Late stage assay provider results from the probe development effort to identify inhibitors of Protein Phosphatase Methylesterase 1 (PME-1): LC-MS/MS assay to assess binding of compounds to active site
Name: Late stage assay provider results from the probe development effort to identify inhibitors of Protein Phosphatase Methylesterase 1 (PME-1): LC-MS/MS assay to assess binding of compounds to active site. ..more
BioActive Compound: 1
Source (MLPCN Center Name): The Scripps Research Institute Molecular Screening Center (SRIMSC)
Center Affiliation: The Scripps Research Institute (TSRI)
Assay Provider: Benjamin Cravatt, TSRI
Network: Molecular Libraries Probe Production Centers Network (MLPCN)
Grant Proposal Number: 1 R01 CA132630-01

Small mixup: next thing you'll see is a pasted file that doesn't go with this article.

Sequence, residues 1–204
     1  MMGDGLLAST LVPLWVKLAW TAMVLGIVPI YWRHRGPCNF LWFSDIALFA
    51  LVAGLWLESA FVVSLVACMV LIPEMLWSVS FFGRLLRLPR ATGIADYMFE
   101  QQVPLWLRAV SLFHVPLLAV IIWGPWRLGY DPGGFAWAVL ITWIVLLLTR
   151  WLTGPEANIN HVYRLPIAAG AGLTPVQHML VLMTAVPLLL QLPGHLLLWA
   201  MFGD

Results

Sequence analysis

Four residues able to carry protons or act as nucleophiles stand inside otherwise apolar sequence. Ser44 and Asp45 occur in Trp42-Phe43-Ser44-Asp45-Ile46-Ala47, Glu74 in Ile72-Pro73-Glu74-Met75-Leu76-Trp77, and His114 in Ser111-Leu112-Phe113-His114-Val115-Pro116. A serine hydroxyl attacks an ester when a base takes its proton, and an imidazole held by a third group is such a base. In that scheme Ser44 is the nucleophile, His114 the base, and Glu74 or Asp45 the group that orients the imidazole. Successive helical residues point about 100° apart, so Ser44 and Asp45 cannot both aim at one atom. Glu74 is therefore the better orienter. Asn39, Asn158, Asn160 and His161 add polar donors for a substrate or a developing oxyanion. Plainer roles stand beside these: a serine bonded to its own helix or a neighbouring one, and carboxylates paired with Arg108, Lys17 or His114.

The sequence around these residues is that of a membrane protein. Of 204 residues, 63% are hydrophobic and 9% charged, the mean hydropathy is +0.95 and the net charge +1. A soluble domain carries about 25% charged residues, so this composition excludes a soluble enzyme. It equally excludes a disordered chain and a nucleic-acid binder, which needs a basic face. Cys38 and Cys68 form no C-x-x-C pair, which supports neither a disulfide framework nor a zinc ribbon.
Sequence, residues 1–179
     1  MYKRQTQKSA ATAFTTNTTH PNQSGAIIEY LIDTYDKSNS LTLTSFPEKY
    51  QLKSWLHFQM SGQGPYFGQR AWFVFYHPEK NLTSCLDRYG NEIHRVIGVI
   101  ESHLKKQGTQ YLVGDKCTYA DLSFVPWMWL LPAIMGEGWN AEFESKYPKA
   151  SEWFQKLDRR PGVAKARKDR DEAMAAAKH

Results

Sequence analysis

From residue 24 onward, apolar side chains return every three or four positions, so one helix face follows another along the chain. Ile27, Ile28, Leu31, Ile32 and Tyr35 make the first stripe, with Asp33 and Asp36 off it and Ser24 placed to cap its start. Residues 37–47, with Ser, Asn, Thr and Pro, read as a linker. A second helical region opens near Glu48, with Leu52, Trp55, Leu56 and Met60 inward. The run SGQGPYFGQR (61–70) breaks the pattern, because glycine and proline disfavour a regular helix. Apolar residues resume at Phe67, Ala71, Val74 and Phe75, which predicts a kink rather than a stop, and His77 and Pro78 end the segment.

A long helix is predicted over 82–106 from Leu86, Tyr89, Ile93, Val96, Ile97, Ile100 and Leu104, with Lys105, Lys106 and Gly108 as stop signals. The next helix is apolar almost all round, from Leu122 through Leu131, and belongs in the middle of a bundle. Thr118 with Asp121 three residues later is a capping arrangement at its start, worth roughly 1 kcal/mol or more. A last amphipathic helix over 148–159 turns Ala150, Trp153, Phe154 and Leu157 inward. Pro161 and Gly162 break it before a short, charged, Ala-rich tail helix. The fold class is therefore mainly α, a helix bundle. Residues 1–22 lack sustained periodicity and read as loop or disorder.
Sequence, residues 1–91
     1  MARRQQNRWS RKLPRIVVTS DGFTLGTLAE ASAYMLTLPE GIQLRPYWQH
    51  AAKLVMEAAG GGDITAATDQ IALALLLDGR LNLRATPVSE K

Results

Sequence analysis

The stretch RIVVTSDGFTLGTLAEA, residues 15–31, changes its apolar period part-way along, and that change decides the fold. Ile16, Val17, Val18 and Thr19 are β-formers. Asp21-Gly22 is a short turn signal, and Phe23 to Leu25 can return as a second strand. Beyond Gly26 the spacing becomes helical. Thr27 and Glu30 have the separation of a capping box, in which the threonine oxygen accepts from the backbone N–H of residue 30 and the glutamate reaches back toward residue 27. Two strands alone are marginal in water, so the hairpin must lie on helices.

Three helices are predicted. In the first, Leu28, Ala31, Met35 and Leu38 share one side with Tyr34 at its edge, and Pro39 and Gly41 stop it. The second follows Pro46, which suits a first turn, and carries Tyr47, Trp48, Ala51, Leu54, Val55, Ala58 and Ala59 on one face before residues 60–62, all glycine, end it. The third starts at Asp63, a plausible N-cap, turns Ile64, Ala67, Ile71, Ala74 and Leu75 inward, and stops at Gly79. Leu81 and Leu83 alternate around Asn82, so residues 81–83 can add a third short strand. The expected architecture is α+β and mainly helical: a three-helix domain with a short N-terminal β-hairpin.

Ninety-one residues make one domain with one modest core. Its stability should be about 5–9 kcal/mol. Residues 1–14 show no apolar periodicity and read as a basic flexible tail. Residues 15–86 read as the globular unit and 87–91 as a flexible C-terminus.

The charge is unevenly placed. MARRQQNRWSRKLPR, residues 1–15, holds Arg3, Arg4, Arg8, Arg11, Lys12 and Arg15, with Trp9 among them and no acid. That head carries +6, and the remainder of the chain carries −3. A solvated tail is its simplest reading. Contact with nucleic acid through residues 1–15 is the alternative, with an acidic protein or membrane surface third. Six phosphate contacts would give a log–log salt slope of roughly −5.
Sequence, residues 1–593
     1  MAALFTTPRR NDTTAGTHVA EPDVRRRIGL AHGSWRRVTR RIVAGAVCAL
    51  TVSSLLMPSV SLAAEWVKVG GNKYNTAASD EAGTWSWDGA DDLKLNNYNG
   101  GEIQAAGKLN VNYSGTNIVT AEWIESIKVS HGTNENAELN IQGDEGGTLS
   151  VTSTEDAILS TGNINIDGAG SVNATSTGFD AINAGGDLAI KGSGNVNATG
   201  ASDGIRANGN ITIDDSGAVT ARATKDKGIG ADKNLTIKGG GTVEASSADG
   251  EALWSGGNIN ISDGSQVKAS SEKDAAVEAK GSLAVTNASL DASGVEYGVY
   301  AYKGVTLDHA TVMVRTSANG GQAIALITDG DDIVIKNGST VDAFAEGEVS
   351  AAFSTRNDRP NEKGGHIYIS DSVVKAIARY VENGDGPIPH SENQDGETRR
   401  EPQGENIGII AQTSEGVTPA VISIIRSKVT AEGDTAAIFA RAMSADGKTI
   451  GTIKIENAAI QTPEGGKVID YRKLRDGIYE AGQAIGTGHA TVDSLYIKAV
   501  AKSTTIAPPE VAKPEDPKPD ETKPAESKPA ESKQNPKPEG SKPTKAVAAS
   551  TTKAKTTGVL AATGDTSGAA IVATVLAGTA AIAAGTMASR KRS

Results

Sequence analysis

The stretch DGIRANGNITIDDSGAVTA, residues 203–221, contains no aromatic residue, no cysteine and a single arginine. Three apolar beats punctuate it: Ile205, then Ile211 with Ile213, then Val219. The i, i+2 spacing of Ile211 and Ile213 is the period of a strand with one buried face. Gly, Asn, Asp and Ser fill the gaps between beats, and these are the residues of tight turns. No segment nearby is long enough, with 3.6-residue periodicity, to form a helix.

Grant Proposal PI: Benjamin Cravatt, TSRI
External Assay ID: PME-1_INH_LCMS
Name: Late stage assay provider results from the probe development effort to identify inhibitors of Protein Phosphatase Methylesterase 1 (PME-1): LC-MS/MS assay to assess binding of compounds to active site.
Reversible protein phosphorylation networks play essential roles in most cellular processes. While over 500 kinases catalyze protein phosphorylation, only two enzymes, PP1 and PP2A, are responsible for >90% of all serine/ threonine phosphatase activity (1). Phosphatases, unlike kinases, achieve substrate specificity through complex subunit assembly and post-translational modifications rather than number. PP2A, for example, typically exists as heterotrimer with diverse subunits that may combinatorially make as many as 70 different holoenzyme assemblies (2). Mutations in several of these PP2A subunits have been identified in human cancers, suggesting that PP2A may act as a tumor suppressor (3). Adding further complexity, several residues of the catalytic subunit of PP2A can be reversibly phosphorylated, and the C-terminal leucine residue can be reversibly methylated (4,5). PME-1 is specifically responsible for demethylation of the carboxyl terminus (6).